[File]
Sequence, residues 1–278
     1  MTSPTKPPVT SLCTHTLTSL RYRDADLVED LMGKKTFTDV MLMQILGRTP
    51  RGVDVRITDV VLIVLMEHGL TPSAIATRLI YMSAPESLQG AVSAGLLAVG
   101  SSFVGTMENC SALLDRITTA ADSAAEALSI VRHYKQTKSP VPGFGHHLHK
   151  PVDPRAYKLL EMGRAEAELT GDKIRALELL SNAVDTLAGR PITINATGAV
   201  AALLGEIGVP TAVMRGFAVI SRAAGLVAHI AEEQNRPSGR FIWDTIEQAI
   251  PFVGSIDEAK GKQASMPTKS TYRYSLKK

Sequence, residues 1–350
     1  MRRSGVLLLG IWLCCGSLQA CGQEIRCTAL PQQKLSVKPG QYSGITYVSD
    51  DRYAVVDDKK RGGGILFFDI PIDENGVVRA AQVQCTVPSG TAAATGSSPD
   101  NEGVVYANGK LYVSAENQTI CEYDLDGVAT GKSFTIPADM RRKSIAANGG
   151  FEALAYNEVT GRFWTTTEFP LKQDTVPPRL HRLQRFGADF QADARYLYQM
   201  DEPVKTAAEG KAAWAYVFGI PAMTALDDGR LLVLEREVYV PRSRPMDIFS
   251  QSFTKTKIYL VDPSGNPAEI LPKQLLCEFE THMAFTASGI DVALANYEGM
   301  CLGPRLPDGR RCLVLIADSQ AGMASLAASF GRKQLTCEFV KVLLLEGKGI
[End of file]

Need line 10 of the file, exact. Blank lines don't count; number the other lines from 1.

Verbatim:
    51  DRYAVVDDKK RGGGILFFDI PIDENGVVRA AQVQCTVPSG TAAATGSSPD